A colleague, who recently accepted a professorship for Biodiversity Theory in Oldenburg, has three open PhD student positions, which might be of interest to you.
---------- e-mail by Professor Gross --------------
I am currently advertising three (very attractive) PhD positions, which will form the core of my new lab in Oldenburg. It would be great if you could point the following out to suitable candidates:
MODELLING BIODIVERSITY IN COMPLEX ENVIRONMENTS
It is a currently a major current challenge in ecology to understand the dynamics of ecological communities in a spatial context. One of the major threats to biodiversity is loss and fragmentation of ecological habitats. The hope is that we can conserve biodiversity by connecting remaining patches of habitats, but right now it is not clear which spatial topologies are good for a system. The idea is that understanding the physics of network colonization process will help with this. Hence this project will focus on the dynamics of complex multiplex networks, which has many parallels to co-infection dynamics.
NETWORKS OF THE COAST
This project focuses on social data analysis, collective decision making and governance. In particular we will focus on coastal regions, marine traffic and decision making related to biodiversity conservation. We use modern data analysis methods to both ecological and social data. In addition mathematical models will be used to explain phenomena seen in the data or to form new hypothesis that can be tested with data sets.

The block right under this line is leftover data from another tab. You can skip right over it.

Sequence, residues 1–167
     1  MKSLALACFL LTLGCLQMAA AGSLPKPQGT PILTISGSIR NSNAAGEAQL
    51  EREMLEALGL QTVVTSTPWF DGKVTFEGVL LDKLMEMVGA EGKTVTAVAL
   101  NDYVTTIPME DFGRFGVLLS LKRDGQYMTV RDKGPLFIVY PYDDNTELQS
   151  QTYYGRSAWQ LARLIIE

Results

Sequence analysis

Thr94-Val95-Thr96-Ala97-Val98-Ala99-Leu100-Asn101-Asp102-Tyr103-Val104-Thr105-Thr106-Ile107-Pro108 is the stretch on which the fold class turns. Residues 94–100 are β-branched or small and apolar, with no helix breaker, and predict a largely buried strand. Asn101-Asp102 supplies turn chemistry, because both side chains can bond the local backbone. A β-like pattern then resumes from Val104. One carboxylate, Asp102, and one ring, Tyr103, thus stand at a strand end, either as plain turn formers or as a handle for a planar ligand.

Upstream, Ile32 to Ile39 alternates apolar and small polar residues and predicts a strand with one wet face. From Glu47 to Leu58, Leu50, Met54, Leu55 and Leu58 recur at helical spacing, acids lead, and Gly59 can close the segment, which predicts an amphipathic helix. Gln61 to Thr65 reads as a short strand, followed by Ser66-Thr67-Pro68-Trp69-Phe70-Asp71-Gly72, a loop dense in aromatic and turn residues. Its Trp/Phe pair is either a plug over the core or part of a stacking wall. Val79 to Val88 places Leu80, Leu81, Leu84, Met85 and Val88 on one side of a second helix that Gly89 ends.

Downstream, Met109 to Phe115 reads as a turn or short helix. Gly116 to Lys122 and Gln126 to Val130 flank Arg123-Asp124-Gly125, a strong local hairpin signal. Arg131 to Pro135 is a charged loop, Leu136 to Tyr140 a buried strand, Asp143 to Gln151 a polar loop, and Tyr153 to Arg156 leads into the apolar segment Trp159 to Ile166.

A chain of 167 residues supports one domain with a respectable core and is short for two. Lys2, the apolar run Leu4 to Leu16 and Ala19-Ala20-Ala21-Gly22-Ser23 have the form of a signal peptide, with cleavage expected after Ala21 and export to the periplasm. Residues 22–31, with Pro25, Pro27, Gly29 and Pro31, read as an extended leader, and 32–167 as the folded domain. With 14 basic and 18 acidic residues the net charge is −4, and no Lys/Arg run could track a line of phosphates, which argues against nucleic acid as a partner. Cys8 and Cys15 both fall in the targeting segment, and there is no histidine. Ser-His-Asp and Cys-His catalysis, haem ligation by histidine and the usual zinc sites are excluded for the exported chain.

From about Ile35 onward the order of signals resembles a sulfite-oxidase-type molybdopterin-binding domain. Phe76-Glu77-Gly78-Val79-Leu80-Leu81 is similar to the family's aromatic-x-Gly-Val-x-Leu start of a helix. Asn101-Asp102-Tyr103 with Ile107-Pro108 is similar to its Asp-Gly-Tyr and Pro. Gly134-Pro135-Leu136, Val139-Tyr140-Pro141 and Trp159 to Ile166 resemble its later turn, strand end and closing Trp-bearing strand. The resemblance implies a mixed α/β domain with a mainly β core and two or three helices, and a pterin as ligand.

DYNAMICS OF COMPLEX ECOLOGICAL COMMUNITIES
The aim of this project is to gain deeper insights into what biodiversity means for a system and how it can be measured. We have some ideas about new kinds of methods and models. We will focus on small marine organisms such as bacteria and plankton. This makes the modelling easier because such communities lack some complexities of large terrestrial animals. Moreover it allows us to contribute to the study of the earth's microbiome, an ongoing major revolution in biology.